Sunday, February 7, 2016

Church of the Primacy of St.Peter (1933)

The Church of the Primacy of Peter is a Franciscan chapel that incorporates part of a 4th-century church. It is located at Tabgha on the northwest shore of the Sea of Galilee and commemorates Jesus' reinstatement of Peter after a fish breakfast on the shore. (John 21)

The chapel is small and made of grey stone, with a modest tower in one corner.  At the base of the chapel's walls on the west end, the walls of the late 4th-century church are clearly visible on three sides.

Like the early church, the modern chapel incorporates a large portion of the stone "table of Christ" (Latin: Mensa Christi) at the altar. This is where Jesus is believed to have served his disciples a fish breakfast after they landed on shore (John 21:9).

On the lake side of the church are the rock-cut steps mentioned by Egeria as the place "where the Lord stood." (John 21:4).   It is not known when they were carved, but it may have been in the 2nd or 3rd  century when this area was quarried for limestone.

Below the steps are six heart-shaped double-column blocks known as the Twelve Thrones, which can be under water when the lake level is high. Originally designed for the angle of a colonnade, they were probably taken from disused buildings and placed here to commemorate the Twelve Apostles. ( Luke 22:30 )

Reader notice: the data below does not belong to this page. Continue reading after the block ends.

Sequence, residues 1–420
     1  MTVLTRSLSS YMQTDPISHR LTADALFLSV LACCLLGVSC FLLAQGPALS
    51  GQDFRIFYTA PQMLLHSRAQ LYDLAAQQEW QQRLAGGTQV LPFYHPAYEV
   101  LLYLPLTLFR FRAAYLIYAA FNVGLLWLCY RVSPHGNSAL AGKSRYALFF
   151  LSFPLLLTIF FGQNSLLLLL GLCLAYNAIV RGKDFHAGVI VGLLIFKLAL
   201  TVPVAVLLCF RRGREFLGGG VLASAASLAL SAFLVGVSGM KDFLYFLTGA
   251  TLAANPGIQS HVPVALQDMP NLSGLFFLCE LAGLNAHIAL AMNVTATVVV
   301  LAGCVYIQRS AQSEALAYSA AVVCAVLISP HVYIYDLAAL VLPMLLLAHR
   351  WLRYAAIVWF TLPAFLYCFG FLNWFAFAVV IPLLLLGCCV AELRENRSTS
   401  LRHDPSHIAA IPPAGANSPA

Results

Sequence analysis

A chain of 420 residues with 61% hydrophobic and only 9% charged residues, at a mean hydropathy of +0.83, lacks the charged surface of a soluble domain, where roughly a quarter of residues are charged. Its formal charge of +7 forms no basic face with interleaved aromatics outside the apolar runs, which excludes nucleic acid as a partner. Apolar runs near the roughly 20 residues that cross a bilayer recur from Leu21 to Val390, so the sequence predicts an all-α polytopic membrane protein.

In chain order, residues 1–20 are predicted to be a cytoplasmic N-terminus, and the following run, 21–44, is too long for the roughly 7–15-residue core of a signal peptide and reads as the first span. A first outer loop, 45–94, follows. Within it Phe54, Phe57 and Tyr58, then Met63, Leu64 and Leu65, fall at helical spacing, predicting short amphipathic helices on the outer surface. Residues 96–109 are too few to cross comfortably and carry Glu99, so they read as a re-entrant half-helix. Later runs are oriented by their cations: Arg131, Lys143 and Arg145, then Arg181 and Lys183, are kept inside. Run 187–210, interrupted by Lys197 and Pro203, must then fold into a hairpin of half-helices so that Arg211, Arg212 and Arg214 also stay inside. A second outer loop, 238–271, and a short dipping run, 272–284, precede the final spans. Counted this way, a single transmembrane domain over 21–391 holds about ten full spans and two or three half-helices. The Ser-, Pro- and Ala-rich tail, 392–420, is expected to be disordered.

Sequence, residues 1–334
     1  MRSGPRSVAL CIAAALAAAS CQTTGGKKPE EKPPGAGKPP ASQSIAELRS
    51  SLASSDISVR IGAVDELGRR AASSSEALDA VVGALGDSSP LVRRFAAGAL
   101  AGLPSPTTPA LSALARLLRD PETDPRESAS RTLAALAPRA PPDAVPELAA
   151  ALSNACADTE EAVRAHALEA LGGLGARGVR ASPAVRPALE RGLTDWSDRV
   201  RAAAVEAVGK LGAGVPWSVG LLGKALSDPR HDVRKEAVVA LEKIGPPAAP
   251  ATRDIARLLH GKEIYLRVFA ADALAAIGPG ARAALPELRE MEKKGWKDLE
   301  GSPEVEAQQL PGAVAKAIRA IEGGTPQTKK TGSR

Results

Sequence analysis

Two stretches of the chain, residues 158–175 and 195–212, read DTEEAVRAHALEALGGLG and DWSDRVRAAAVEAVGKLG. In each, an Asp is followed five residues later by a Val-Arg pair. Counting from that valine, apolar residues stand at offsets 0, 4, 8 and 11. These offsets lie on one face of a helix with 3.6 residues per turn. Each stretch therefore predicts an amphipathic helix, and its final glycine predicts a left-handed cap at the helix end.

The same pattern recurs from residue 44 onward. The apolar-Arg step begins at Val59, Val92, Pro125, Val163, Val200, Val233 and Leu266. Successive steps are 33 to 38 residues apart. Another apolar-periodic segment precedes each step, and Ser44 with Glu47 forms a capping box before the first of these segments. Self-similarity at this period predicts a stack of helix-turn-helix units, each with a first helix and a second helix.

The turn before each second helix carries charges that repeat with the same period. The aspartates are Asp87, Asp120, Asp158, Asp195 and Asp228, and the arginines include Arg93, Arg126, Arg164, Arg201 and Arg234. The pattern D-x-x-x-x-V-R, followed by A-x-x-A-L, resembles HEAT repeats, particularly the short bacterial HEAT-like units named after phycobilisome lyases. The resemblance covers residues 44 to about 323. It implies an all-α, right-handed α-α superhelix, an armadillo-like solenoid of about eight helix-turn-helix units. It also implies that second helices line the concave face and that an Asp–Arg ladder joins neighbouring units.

Just beside the church is a small Crusader building. Also nearby are Byzantine water towers that were designed to raise the water level of the powerful springs so that they flowed into a series of irrigation canals and mill-streams.


Around 381 AD, the Spanish pilgrim Egeria visited the area and reported that next to the Church of the Loaves and Fishes "are some stone steps where the Lord stood" (John 21:4).  Egeria does not mention a church here, but one was built on the site by the end of the 4th century. It was roughly the same size and shape as the original Church of the Multiplication of the Loaves and Fishes and its east end enclosed a flat rock identified as the table on which Jesus offered breakfast to the disciples (John 21:9).

In the 9th century, the church is referred to as the Place of the Coals.  This name refers to the incident of Jesus' preparation of meal for the apostles, building a charcoal fire on which to cook the fish. (John21:9)

By 808 AD, the Twelve Thrones had been placed along the shore to commemorate the Twelve Apostles.